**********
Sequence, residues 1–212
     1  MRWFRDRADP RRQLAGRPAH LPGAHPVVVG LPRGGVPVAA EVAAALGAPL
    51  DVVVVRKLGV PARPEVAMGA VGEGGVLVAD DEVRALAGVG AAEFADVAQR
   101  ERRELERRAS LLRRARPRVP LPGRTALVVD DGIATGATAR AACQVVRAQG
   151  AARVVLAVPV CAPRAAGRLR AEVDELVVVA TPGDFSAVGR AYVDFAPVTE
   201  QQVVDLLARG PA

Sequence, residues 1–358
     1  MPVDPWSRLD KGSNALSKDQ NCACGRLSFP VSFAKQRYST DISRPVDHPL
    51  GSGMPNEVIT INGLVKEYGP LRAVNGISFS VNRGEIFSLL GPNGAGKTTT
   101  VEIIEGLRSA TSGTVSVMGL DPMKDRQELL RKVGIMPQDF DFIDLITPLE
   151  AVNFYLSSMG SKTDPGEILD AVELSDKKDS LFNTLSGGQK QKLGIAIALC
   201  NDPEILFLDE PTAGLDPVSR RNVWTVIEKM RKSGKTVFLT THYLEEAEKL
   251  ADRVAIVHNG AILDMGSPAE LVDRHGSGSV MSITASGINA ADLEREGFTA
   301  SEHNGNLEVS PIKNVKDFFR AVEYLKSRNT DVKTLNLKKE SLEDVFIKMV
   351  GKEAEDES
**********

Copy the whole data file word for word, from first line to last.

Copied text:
Sequence, residues 1–212
     1  MRWFRDRADP RRQLAGRPAH LPGAHPVVVG LPRGGVPVAA EVAAALGAPL
    51  DVVVVRKLGV PARPEVAMGA VGEGGVLVAD DEVRALAGVG AAEFADVAQR
   101  ERRELERRAS LLRRARPRVP LPGRTALVVD DGIATGATAR AACQVVRAQG
   151  AARVVLAVPV CAPRAAGRLR AEVDELVVVA TPGDFSAVGR AYVDFAPVTE
   201  QQVVDLLARG PA

Sequence, residues 1–358
     1  MPVDPWSRLD KGSNALSKDQ NCACGRLSFP VSFAKQRYST DISRPVDHPL
    51  GSGMPNEVIT INGLVKEYGP LRAVNGISFS VNRGEIFSLL GPNGAGKTTT
   101  VEIIEGLRSA TSGTVSVMGL DPMKDRQELL RKVGIMPQDF DFIDLITPLE
   151  AVNFYLSSMG SKTDPGEILD AVELSDKKDS LFNTLSGGQK QKLGIAIALC
   201  NDPEILFLDE PTAGLDPVSR RNVWTVIEKM RKSGKTVFLT THYLEEAEKL
   251  ADRVAIVHNG AILDMGSPAE LVDRHGSGSV MSITASGINA ADLEREGFTA
   301  SEHNGNLEVS PIKNVKDFFR AVEYLKSRNT DVKTLNLKKE SLEDVFIKMV
   351  GKEAEDES